20. 4. Assembly Workstation #1 • (Dedicated to this product family) • Manual process with one operator • Cycle time: 62 seconds • Changeover time: none • Reliability: 100% • Observed Inventory: • 1,200 pieces of type “LH” • 640 pieces of type “RH”.

  21. 5. Assembly Workstation #2 • (Dedicated to this product family) • Manual process with one operator • Cycle time: 40 seconds • Changeover time: none • Reliability: 100% • Observed Finished Goods Inventory in Warehouse: • 2,700 pieces of type “LH” • 1,440 pieces of type “RH” • 6. Shipping Department • Removes parts from finished goods warehouse and stages them for truck shipment to the customer

  22. Takt Time = 60 So… Let’s Start Building the Process starting with the first process The Triangle with the “I” is for your observed Inventory before each process The Box is to Identify a process

  23. Takt Time = 60 So… What do we know about the Process and what do we want to know?

  24. Takt Time = 60

  25. Takt Time = 60

  26. Takt Time = 60

  27. Takt Time = 60

  28. Takt Time = 60

  29. Takt Time = 60

  30. Takt Time = 60

  31. Takt Time = 60

  32. MICH. STEEL STATE STREET weekly fax STEEL COILS • 18400 pcs/mo • 12000 LH • 6400 RH • 2 SHIFTS • Min. pack : 20 Tues/ Th daily order 1/day 6 wk. f’cst Stamping Weld I Weld II ASSM I ASSM II Shipping 90/60/30 day f’cst 5 days 4600 LH 2400 RH 7000 T I 1100 LH 600 RH 1700 T 1600 LH 850 RH 2450 T 1200 LH 640 RH 1840 T 2700 LH 1440 RH 4140 T C/T: 40 sec C/T: 62 sec C/T: 1 sec C/T: 39 sec C/T: 46 sec I I I I I C/O: 1 hr C/O: 10 min C/O: 10 min C/O: 0 C/O: 0 (7000/920) = 7.6 d (1700/920) = 1.8 d (2450/920) = 2.7 d (1840/920) = 2 d (4140/920) = 4.5 d Rel: 100% Rel: 85% Rel: 100% Rel: 80% Rel: 100% Lead Time Dedicated Dedicated Dedicated Multiple Products Dedicated 2.7 days 2 days 4.5 days 23.6 days 5 days 7.6 days 1.8 days Process Time 1 sec 39 sec 46 sec 62 sec 40 sec 188 sec CURRENT STATE 20 days / mo 2 shifts – 8hrs (2) 10 min breaks / shift ACME PC&L MRP Daily Ship Schedule WEEKLY SCHEDULE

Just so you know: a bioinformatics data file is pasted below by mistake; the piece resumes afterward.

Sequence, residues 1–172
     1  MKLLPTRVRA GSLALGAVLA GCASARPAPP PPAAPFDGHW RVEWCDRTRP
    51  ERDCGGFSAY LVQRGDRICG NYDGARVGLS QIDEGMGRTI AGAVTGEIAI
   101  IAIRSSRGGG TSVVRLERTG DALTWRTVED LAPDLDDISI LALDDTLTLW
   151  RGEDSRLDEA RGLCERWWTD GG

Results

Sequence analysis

33. Future State I ACME PC&L MICH. STEEL STATE STREET Daily fax MRP BATCH STEEL COILS • 18400 pcs/mo • 12000 LH • 6400 RH • 2 SHIFTS • Min. pack : 20 300 LH 160 RH C/T < 60 sec BIN BIN coil LH coil 20 20 20 RH daily order 1/day 6 wk. f’cst 90/60/30 day f’cst Weld 2 C/T: 1 sec C/T: 56 sec C/T: 46 sec C/O: 10 min C/O: 1 hr C/O: 0 Rel: 80% Rel: 100% Rel: 85% Multiple Products Total work = 102 sec Total work = 85 sec Lead Time 0.75 days 1.5 days 5.25 days 1.5 days 1.5 days Process Time 1 sec 85 sec 102 sec 188 sec Daily Order DAILY OXOX BATCH 20 600 LH 320 RH 20 LH LH Stamping Shipping ASSEMBLY 200T 2 RH RH coils Reduced lead time by 18.35 days

  34. Future State II ACME PC&L MICH. STEEL STATE STREET Daily fax MRP STEEL COILS • 18400 pcs/mo • 12000 LH • 6400 RH • 2 SHIFTS • Min. pack : 20 BIN coil LH coil 20 20 20 RH Weld c/o BATCH daily order 1/day 20 600 LH 320 RH 6 wk. f’cst 20 LH Stamping Shipping 90/60/30 day f’cst WELD + ASSEMBLY 200T 3 RH C/T: 56 sec C/T: 1 sec C/O: 1 hr C/O: 0 Rel: 85% Rel: 98% Weld rel >98% Multiple Products Total work = 168 sec Lead Time 1.5 days 4.5 days Process Time 168 sec 169 sec Daily Order DAILY OXOX Total work < 168 coils 1.5 days 1.5 days 1 sec